[opentheory-users] Scalable LCF-style proof translation

Joe Leslie-Hurd joe at gilith.com
Fri Jul 26 21:29:25 UTC 2013

Hi Ramana,

Thanks for drawing my attention to this paper, it's nice to see a
collection of detailed performance statistics for the OpenTheory style
of low-level proof logging.

>From looking at the article formats it seems to be mainly stylistic
differences, such as OpenTheory using of a stack and dictionary
whereas K&K use only a dictionary (this reminds me of the difference
between JVM and Dalvik bytecodes). In OpenTheory it's up to the reader
to decide how to process definitions: they're not inherently
generative. The OpenTheory reader implements a purely functional
logical kernel, so its definitions are generative, but reading an
article into HOL Light would make definitions that update the global
symbol table.

Given these minor differences, I'm intrigued by the statement in the conclusion:

"In our development we defined a new format for proof exchange traces, despite
the existence of other exchange formats. We have tried writing the
proof trace in the
OpenTheory format, and it was roughly 10 times bigger."

Cezary, Alex: Would it be possible to share this proof trace in the
two formats, so I can see what difference is responsible for the



On Wed, Jul 24, 2013 at 5:51 AM, Ramana Kumar <Ramana.Kumar at cl.cam.ac.uk> wrote:
> So, the first observation is a difference in the article formats:
> Currently, OpenTheory articles are programs for a virtual stack machine.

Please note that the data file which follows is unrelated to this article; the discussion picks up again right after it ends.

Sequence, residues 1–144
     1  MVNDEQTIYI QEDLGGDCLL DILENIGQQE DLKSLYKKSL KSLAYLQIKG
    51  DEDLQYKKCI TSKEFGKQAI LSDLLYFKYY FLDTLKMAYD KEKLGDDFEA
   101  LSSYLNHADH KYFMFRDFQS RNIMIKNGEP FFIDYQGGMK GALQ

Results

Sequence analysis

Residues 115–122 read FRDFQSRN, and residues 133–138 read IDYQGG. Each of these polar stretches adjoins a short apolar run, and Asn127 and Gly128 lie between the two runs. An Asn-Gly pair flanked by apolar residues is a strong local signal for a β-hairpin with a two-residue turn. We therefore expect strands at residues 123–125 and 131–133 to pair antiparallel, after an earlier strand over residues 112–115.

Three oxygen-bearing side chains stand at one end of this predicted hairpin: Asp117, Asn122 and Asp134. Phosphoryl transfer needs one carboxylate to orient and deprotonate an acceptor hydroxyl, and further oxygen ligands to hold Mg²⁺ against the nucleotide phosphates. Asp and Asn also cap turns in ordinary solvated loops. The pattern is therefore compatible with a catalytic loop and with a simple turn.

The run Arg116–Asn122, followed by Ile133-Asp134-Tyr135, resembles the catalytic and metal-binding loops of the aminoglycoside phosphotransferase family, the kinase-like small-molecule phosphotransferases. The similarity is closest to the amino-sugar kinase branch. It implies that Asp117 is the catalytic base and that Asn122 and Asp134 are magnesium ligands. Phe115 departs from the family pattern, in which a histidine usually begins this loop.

> Stack objects may live inside the dictionary and be referenced (by an
> explicit ref command) by integer keys, or they can be used directly without
> going into the dictionary.
> By contrast, K&K articles are programs for a virtual machines without a
> stack.
> The arguments to commands are given inline with the commands, and are always
> integer keys (i.e., every object is in the dictionary) or literal names.
> This simplifies and shortens the article format and processing. There are
> fewer kinds of object (just terms, types, theorems, and names; whereas
> OpenTheory also requires numbers and lists) and no stack manipulation
> commands.
> (Also, I suspect K&K constants are identical if they have the same name;
> they aren't generative (identity depends on construction provenance) as in
> OT. This is more intuitive to my taste.)
> Is there a good reason for the stack-based approach? I couldn't think of
> any, but maybe I'm missing something.
> One thing the stack gives you is the ability to share sub-objects like lists
> of terms; but I don't think this is worthwhile. (With K&K you of course can
> still share the main objects (terms,types,thms).)
> On Tue, Jul 23, 2013 at 11:37 AM, Ramana Kumar <Ramana.Kumar at cl.cam.ac.uk>
> wrote:
>> Cezary Kaliszyk and Alexander Krauss have done a lovely piece of work that
>> was just presented at ITP 2013
>> (http://cl-informatik.uibk.ac.at/users/cek/docs/kaliszyk-itp13.pdf) about
>> efficient import from HOL Light into Isabelle/HOL.
>> Their approach has many similarities to OpenTheory, and their proof trace
>> format is not too different from OpenTheory article format, and indeed in
>> Alex's talk he said integration with OpenTheory would be a worthy goal.
>> The performance of their method is very impressive, and certainly faster
>> than using OpenTheory as it is now, so I think it would greatly benefit
>> OpenTheory to adopt and standardise K&K's ideas.
>> I write this message to ask OpenTheory users for their comments on this
>> proposal, and to make a call for volunteers to help with the
>> integration/adoption. As a first step, perhaps we could just make a list of
>> the differences from how OpenTheory currently works, to see what needs to be
>> done.
>> Ramana
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